Based on Mora et al. (2018), D. ecaudata (Figure 7) is a species that is considered threatened in Honduras, specifically due to the human-vampire conflicts, and these caves could represent one of their principal refuges for conservation. Moreover, after the additional records of M. schmidtorum by McCarthy et al. (1993), there is one more record of this species in northwestern Honduras, in Cusuco National Park in Cortés by Estrada-Villegas et al. (2007). The record of this species might represent the first one after eight years. Additionally, we encountered pregnant females of Pteronotus personatus (May; Figure 5), Peropteryx macrotis (May), Artibeus jamaicensis (December), Desmodus rotundus (December), Carollia subrufa (May), and females in lactation period of Myotis albescens (May) and Sturnira parvidens (December). Reproductive males of Artibeus lituratus (December), Desmodus rotundus (January), Glossophaga leachii (January), and G. soricina (January), were also recorded. Importantly, these caves could represent their primary roosting site and nursery when they have newborns. Destroying and not protecting those caves could determine the decrease of the populations of bats specialized in seed dispersal, pollination (Figure 6) as well as controlling pest species (e.g. insects of crops) in Ceguaca.

Figure 5. 

Pregnant female of Pteronotus personatus in the Cave of El Peñón during the survey of May 8, 2016. The photo was taken by Hefer Ávila.

Figure 6. 

An adult female of Glossophaga soricina returning to the cave of Monte Grueso after the pollination of certain species of plants. During these surveys, we found trees with opened flowers of Crescentia alata (Bignoniaceae). The photo was taken by Hefer Ávila.

Figure 7. 

Adult female of Diphylla ecaudata captured in the cave of Monte Grueso when leaving the cave for searching food. The shelters of this unstudied species in Honduras in Monte Grueso could represent an important site for their conservation. The photo was taken by Hefer Ávila.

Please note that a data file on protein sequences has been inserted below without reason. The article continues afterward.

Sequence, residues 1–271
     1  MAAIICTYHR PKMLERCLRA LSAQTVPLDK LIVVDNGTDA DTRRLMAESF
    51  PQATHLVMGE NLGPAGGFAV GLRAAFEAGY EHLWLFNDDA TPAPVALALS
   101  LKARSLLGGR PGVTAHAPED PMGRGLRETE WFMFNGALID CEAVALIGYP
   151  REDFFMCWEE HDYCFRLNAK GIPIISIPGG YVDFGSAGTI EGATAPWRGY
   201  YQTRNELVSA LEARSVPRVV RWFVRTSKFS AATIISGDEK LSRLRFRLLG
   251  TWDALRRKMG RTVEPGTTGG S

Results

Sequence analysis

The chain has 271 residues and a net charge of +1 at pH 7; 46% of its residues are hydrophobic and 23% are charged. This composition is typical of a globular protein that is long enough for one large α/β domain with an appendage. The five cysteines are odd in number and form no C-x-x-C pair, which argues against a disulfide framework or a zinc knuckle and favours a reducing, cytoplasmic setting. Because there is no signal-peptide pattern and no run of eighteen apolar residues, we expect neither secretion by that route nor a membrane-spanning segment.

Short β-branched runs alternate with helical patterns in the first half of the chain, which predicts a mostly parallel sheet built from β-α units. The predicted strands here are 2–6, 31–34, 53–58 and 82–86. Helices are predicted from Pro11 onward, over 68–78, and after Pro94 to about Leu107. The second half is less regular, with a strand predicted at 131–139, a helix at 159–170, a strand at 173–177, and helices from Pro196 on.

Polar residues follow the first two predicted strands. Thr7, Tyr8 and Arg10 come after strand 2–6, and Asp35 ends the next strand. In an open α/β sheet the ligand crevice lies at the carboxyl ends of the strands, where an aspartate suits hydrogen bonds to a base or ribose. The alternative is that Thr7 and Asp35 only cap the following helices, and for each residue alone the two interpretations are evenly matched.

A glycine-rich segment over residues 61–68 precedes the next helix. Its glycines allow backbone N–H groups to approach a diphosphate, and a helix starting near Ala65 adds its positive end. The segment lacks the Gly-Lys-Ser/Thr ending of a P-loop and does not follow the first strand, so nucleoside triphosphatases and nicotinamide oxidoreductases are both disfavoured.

Importance of bat caves in Ceguaca

We encountered 0.30 species per mist-nets/hours on those located in the Tropical Dry Forest in Ceguaca. This result is comparably higher to other studies in different Dry Forests of America, for example: Chávez and Ceballos (2001) reported 15 species in a Dry Forest in Jalisco, México with a sampling effort of 410 mist-net/hours (0.04 species per mist-net/hours); Medina et al. (2004) reported 24 species in a Dry Forest in Rivas, Nicaragua, with a sampling effort of 5376 mist-net/hours (0.005 species per mist-net/hours); Vela-Vargas and Pérez-Torres (2012) reported 20 species in a Tropical Dry Forest in El Refugio, Colombia, with a sampling effort of 4673 mist-net/hours (0.004 species per mist-net/hours); and Ramírez Fráncel et al. (2015) recorded 10 species with a sampling effort of 7776 mist-net/hours (0.001 species per mist-net/hours) in Tolima, Colombia. Although, there is a low sampling effort in our study, the richness represented is higher in comparison to other studies with a higher sampling effort. However, the asymptote of the accumulation curves was not reached, and more effort is needed to support the high diversity estimated.